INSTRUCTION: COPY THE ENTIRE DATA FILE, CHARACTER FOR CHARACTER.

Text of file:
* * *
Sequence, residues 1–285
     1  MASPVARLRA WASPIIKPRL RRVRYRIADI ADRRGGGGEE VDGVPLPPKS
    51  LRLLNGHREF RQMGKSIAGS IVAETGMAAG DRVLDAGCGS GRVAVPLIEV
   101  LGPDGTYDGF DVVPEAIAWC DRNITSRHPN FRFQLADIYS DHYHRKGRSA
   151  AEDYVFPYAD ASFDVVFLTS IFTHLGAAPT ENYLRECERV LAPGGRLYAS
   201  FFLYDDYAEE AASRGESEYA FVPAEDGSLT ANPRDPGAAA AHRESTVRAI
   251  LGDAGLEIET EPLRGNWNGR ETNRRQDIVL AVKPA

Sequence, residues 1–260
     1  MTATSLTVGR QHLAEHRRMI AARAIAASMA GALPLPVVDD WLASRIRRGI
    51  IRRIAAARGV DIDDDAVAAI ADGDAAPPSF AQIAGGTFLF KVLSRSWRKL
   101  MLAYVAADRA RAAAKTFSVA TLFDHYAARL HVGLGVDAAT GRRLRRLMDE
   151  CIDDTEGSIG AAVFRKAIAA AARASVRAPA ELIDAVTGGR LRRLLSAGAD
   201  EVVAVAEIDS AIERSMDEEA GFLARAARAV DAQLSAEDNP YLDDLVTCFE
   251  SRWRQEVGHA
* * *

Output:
Sequence, residues 1–285
     1  MASPVARLRA WASPIIKPRL RRVRYRIADI ADRRGGGGEE VDGVPLPPKS
    51  LRLLNGHREF RQMGKSIAGS IVAETGMAAG DRVLDAGCGS GRVAVPLIEV
   101  LGPDGTYDGF DVVPEAIAWC DRNITSRHPN FRFQLADIYS DHYHRKGRSA
   151  AEDYVFPYAD ASFDVVFLTS IFTHLGAAPT ENYLRECERV LAPGGRLYAS
   201  FFLYDDYAEE AASRGESEYA FVPAEDGSLT ANPRDPGAAA AHRESTVRAI
   251  LGDAGLEIET EPLRGNWNGR ETNRRQDIVL AVKPA

Sequence, residues 1–260
     1  MTATSLTVGR QHLAEHRRMI AARAIAASMA GALPLPVVDD WLASRIRRGI
    51  IRRIAAARGV DIDDDAVAAI ADGDAAPPSF AQIAGGTFLF KVLSRSWRKL
   101  MLAYVAADRA RAAAKTFSVA TLFDHYAARL HVGLGVDAAT GRRLRRLMDE
   151  CIDDTEGSIG AAVFRKAIAA AARASVRAPA ELIDAVTGGR LRRLLSAGAD
   201  EVVAVAEIDS AIERSMDEEA GFLARAARAV DAQLSAEDNP YLDDLVTCFE
   251  SRWRQEVGHA